Thursday, March 27, 2014

The Samaritan Woman at the Well and The Healing of the Blind Man. (John 4 and John 9)

Something needs to die; something new needs to be born - Peace Lutheran Church's Lent series.

In the story of the Samaritan woman at the well (John 4), here are a few things that needed to die: 
-          her idea that shame about the past should keep her from God’s love;
-          her belief that Samaritans and Jewish people had nothing in common;
-          the disciples’ view that a Samaritan woman wasn’t fit to spread the gospel.

In short, this encounter put to death the idea that God’s work is limited to people who are deemed “acceptable.” 

As we try to live as Jesus’ disciples, this story is a caution to make sure we engage unlikely people in the work of spreading the gospel.  We can start by befriending people who are different from us.  The good news is that we are all unlikely!  As we are willing to show our own unlikeliness – in the form of awkwardness, discomfort, honest confession of our past – the Holy Spirit will appear.   What will be born? New relationships build on honesty, mutual acceptance, and a fresh amazement at God’s forgiving love.

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This week, we will hear the story of Jesus’ healing the blind man.  Sadly, the miracle of healing is overtaken by the Pharisee’s debate that follows: Who healed him? Wasn't it wrong on the Sabbath? Was he really blind?  The Pharisees defensiveness makes them unable to celebrate the miracle of healing.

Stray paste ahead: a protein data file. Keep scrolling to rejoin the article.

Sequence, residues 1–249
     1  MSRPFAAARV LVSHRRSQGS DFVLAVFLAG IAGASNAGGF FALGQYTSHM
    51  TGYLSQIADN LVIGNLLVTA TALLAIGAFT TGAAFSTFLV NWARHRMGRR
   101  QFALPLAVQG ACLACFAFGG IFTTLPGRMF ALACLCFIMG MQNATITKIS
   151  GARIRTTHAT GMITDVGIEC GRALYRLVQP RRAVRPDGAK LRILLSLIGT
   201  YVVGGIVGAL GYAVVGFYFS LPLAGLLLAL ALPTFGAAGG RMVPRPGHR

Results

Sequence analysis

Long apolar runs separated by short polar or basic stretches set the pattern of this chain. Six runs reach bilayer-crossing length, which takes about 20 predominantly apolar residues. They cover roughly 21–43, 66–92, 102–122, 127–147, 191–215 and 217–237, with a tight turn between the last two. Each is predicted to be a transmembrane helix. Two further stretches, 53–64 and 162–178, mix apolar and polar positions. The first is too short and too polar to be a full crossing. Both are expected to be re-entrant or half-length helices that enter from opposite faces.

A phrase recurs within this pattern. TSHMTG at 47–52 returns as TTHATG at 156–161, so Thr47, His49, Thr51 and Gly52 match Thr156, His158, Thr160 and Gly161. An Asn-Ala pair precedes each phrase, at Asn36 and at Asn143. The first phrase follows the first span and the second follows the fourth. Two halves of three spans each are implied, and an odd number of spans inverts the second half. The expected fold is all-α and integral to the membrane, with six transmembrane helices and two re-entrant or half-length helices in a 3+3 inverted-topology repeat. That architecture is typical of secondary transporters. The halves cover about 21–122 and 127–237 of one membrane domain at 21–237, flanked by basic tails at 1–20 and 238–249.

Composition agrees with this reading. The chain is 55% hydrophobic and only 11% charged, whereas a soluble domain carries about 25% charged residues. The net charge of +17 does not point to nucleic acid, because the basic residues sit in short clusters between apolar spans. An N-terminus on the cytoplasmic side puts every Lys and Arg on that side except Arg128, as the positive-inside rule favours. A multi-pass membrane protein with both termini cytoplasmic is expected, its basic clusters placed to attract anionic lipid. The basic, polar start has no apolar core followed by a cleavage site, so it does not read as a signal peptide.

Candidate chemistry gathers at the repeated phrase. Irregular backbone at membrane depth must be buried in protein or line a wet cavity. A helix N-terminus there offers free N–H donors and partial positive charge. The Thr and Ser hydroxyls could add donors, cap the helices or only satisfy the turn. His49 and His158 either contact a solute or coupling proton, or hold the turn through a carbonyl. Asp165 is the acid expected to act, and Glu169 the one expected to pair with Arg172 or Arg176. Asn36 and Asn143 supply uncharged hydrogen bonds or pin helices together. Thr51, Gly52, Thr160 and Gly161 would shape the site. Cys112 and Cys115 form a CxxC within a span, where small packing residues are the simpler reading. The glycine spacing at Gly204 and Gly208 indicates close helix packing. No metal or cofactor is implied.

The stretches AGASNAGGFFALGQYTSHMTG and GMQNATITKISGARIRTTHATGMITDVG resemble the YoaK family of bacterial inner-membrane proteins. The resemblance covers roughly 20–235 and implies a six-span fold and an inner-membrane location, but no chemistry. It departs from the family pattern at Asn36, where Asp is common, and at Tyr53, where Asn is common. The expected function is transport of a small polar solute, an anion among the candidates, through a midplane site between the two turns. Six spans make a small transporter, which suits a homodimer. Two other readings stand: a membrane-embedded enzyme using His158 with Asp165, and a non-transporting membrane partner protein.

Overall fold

We are quick to identify ourselves with the blind man and pounce on the Pharisees as self-righteous prigs.  But again a caution; before we identify with the blind man, it serves us well to ask 'in what ways we are like the 'Pharisees?'

Questions:
How are you blind to the joy and healing in other people’s lives? 
Have you ever been so sure you were right that you couldn’t accept somebody with a different experience?
Are you resentful of someone else’s good turn?
From what specific spiritual blindness could you ask God to heal you?

Thursday, March 20, 2014

Something has to die, something else has to be born.



Note: each week, I send the congregation sermon summaries of the last week and a preview of what's coming up.  My tech was off this week so there's no audio.  In Lent, my focus is: Something has to die; something has to be born.

Something has to die; something has to be born.

When Nicodemus came to Jesus, it took a lot of courage.  He didn’t understand Jesus, he just knew there was something important about him.  Jesus’ insisted that the Spirit can empower people to be born again.  Nicodemus never really understood it and neither do we.  But that is the point.  When we are born again, we are like infants.  We’re out of control, we’re dependent, and we don’t understand most of what’s going on.

What needs to die in order for you to be born again? What’s the shield that keeps you from admitting all that you don’t know?  Nicodemus teaches that when you let go of your need to be the expert, you become open to the Holy Spirit’s life-changing work.

This week, we will hear a conversation between Jesus and a Samaritan woman who has had 5 husbands. She’s not your typical conversation partner for a Jewish man, much less someone holy.  But she's so affected by Jesus she turns into one of his followers and tells everyone about him.  When the old disciples find Jesus talking with this new, unlikely disciple, they are speechless.  This is not the kind of person Jesus should be talking to!

It’s easy to think of unlikely disciples as others. But what makes you unlikely?  How can knowing yourself as unlikely help you welcome other, equally unlikely people into this community of the unlikely disciples?